Ukiyo-e, "pictures of the floating world", is a genre of Japanese woodblock prints (or woodcuts) and paintings produced between the 17th and the 20th centuries, featuring motifs of landscapes, tales from history, the theatre and pleasure quarters. It is the main artistic genre of woodblock printing in Japan.
Ukiyo-e can be categorized into two periods: the Edo period, which comprises ukiyo-e from its origins in the 1620s until about 1867, when the Meiji period began, lasting until 1912. The Edo period was largely a period of calm that provided an ideal environment for the development of the art in a commercial form; while the Meiji period is characterized by new influences as Japan opened up to the West.
The roots of ukiyo-e can be traced to the urbanization that took place in the late 16th century that led to the development of a class of merchants and artisans who began writing stories or novels, and painting pictures, compiled in ehon (picture books, books with stories and picture illustrations), such as the 1608 edition of Tales of Ise by Hon'ami Kouetsu. Ukiyo-e were often used for illustrations in these books, but came into their own as single-sheet prints (e.g., postcards or kakemono-e) or were posters for the kabuki theater. Inspirations were initially Chinese tales and artworks. Many stories were based on urban life and culture; guidebooks were also popular; and all in all had a commercial nature and were widely available. Hishikawa Moronobu, who already used polychrome painting, became very influential after the 1670s.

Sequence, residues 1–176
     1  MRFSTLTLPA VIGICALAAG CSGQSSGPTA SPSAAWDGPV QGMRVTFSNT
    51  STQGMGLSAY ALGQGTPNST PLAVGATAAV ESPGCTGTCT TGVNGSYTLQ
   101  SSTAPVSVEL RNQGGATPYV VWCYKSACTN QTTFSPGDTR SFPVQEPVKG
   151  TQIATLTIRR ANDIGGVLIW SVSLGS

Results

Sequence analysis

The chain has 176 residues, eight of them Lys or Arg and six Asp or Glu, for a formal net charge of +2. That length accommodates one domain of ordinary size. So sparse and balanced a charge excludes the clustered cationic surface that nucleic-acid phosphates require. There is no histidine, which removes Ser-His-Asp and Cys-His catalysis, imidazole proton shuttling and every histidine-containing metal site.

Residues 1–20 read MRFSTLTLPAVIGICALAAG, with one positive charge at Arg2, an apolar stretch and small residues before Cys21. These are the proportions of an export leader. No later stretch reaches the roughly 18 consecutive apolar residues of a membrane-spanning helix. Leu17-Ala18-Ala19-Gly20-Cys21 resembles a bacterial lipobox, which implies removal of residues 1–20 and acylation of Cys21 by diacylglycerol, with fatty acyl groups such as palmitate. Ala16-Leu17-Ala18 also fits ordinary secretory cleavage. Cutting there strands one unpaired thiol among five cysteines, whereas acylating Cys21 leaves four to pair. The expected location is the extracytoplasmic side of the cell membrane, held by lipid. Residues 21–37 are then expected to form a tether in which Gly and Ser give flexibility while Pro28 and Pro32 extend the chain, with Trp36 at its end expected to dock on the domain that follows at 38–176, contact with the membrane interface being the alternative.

In the mid-18th century, techniques allowed for production of full-color prints, called nishiki-e, and the ukiyo-e that are reproduced today on postcards and calendars date from this period on. Utamaro, Hokusai, Hiroshige, and Sharaku were the prominent artists of this period. After studying European artwork, receding perspective entered the pictures and other ideas were picked up. Katsushika Hokusai's pictures depicted mostly landscapes and nature. His Thirty-Six Views of Mount Fuji (Fugaku sanjuurokkei) were published starting around 1831. Ando Hiroshige and Kunisada also published many pictures drawn on motifs from nature.
In 1842, pictures of courtesans, geisha and actors (e.g., onnagata) were banned as part of the Tenpou reforms. Pictures with these motifs experienced some revival when they were permitted again.
During the Kaei era, (1848–1854), many foreign merchant ships came to Japan. The ukiyo-e of that time reflect the cultural changes.